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Taylor Swift Concert Isn't Just for Screaming Teenage Girls
Kellie Pickler, Gloriana Open Fearless Tour Stop in Nebraska
Taylor Swift
Taylor Swift
Photo Credit: Craig Shelburne
OMAHA, Neb. -- If you're thinking this Taylor Swift concert review is going to be about how unprepared she is to be a country superstar, then my guess is that you haven't seen her show yet.

I have to report that her super-successful Fearless tour offers one of the most ambitious and entertaining country concerts I've ever seen. My 12-year-old cousin, who lives in Nebraska, had never been to an arena show before, and I was curious to see if Swift's live performance could live up to her expectations. So off we went to the enormous Qwest Center in Omaha on Sunday night (Aug. 9). I'm not sure what I expected, but it definitely wasn't a seamless, two-hour, multi-act, singing-dancing-hugging extravaganza. All that and Kellie Pickler and Gloriana, too. Whew. Am I getting too old for this?

Actually, one surprising element of Swift's show is that her audience isn't comprised of just screaming teenage girls. I saw several grown women in pairs singing along to every word, along with lots of teen guys (admittedly, most with girlfriends). It's naive to think that only young people would care for Swift's music, even though I was guilty of having that perception myself. It's not like I'm going to tape her poster to my bedroom wall when I get back to Nashville, but I have to say that if she nabs a CMA entertainer of the year nomination this fall, I wouldn't be a bit surprised. Actually, I might be a little proud that our little girl is all grown up.

Yes, I know she's taken flak for her vocal performances on TV broadcasts. Sure, she doesn't belt it out like Pickler or rely on complex arrangements like Gloriana. Instead, she's from the singer-songwriter mold, where the message is just as important as the music.

As a grown man, it's true that her message can seem a little difficult to relate to, especially when songs are about the "best first date ever." At such moments, I'd roll my eyes, then look over at the kids next to me and think, "OK, I get it." That sort of epiphany happens a lot at a Taylor Swift show. I understand where she's coming from, even though I don't burn pictures of my ex's and don't write songs about them if they hurt my feelings. I don't remember who I had a crush on when I studied in the library, and my life lessons stretch beyond this little Swift nugget: "In real life, the bad guy is always really, really cute."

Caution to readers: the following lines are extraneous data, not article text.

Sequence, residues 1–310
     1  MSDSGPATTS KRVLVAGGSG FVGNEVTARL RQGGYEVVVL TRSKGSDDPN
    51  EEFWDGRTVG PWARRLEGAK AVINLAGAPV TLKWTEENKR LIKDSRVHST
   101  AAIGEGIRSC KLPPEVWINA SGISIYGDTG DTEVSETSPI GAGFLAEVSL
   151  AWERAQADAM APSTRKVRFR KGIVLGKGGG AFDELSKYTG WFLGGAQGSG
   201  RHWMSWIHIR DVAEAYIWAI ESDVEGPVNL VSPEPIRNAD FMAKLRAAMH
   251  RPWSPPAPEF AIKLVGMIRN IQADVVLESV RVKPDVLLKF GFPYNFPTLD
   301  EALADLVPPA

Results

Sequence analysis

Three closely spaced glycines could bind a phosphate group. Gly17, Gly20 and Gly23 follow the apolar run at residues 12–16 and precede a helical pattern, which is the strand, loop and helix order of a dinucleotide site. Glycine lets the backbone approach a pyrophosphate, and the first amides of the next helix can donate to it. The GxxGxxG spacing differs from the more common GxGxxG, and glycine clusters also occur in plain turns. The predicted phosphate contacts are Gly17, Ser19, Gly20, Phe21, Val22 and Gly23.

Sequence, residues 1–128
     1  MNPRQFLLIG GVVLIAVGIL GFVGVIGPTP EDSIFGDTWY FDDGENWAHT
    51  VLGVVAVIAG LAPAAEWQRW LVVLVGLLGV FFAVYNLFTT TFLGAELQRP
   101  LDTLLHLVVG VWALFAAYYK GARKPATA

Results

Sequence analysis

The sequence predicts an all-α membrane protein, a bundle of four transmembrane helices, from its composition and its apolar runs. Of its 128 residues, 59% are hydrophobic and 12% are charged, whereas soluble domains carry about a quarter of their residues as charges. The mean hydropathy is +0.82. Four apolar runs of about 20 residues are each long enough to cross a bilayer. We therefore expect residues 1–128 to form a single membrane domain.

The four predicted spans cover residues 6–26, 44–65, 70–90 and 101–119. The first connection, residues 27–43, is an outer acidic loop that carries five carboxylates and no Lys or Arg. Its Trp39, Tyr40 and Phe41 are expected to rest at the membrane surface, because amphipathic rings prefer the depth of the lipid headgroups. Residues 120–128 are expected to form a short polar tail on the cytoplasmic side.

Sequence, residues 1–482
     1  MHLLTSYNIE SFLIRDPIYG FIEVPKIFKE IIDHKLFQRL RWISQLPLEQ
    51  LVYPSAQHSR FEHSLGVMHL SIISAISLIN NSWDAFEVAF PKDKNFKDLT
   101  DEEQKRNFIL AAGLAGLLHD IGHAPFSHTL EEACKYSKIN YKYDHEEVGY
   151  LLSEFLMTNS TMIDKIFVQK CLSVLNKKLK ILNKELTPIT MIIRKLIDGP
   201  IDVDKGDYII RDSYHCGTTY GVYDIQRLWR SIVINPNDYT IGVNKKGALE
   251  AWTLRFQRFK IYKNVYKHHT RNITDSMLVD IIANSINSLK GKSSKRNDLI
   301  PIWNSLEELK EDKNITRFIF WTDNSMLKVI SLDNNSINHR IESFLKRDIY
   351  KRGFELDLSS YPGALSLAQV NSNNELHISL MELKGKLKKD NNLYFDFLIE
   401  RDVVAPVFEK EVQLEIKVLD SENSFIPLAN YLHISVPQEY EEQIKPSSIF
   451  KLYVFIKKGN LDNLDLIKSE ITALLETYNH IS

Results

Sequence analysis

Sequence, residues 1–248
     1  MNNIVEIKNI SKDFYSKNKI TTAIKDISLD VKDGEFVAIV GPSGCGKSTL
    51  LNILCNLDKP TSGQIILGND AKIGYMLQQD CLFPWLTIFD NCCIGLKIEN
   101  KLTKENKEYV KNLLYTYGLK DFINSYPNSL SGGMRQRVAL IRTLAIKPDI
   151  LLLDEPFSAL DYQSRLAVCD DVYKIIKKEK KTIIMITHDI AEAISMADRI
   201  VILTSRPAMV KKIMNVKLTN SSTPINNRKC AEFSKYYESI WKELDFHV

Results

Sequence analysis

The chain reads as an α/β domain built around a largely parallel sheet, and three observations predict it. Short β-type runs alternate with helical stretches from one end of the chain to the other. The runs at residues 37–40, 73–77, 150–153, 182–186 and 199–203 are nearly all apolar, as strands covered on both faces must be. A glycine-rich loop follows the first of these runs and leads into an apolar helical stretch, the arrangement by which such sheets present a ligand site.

I also think this is the only concert I've attended where the person next to me whipped her hair in my face. More than once, thank you very much.

Swift's show is a lot of fun. It moves fast, rarely pausing to milk it for all it's worth. However, after "Tim McGraw," the shrieking was so loud and so long -- about two minutes' worth -- that Swift had to adjust her ear monitors. "Oh, my God!" she exclaimed, and the crowd instantly hushed as though the Queen of England was about to speak. Then she continued, "I'm never going to forget that you did that for me." And, of course, more screaming.

OK, now what about the music? It wasn't always note-for-note perfection, but she's singing live -- a trait you can't necessarily take for granted in all musical genres. Actually, every artist on the bill enjoyed some of the cleanest audio mixes I've encountered on the road. Swift's band is outstanding and apparently always game for role-playing. (I quit counting the costumes changes right around the time of the Renaissance dancers.)

Like Brad Paisley, Swift is savvy when it comes to mixed media, with lots of video and interactive components to prevent any lulls. The only boring part for me was when she magically appeared in a far corner of the arena for a song, then hugged everybody -- and I do mean everybody -- in her path back to the stage. However, for the fans back there, I'm sure it was the highlight of their evening.

Even though Swift isn't in my regular musical rotation, I have somehow retained the lyrics to "Our Song," "Teardrops on My Guitar," "Should've Said No," "Tim McGraw" and "White Horse." I have to give her songwriting props for that, too.

If you're a parent dreading a Swift concert because you'd rather be seeing Alan Jackson or George Strait, don't worry. Try to get there early to see the opening acts. Pickler is more confident than I've ever seen her, and since her set is pretty short, she doesn't pad it with a lot of banter or cover songs. And she doesn't cry after "I Wonder" anymore, an indication that her confidence is growing. With fresh-faced singers and engaging harmonies, Gloriana will definitely appeal to teens as well as the older contingent of country fans. They're about to add a bass player and a drummer, but for now it's just them -- and they're making the most of an exceptional opportunity by greeting fans with quick handshakes and autograph sessions at the merchandise table.

Since this was my cousin's first concert, I asked for her opinion on a couple of things, but she answered every question with, "Oh, that was awesome." Fair enough. I have to agree with her on the big finale, which I won't spoil for the people who haven't seen the tour yet. Since it was my cousin's first concert, she can say it's the best one she's ever seen. I have a feeling, though, that she'll be standing by that opinion for years to come.

View photos from Taylor Swift's concert in Omaha.
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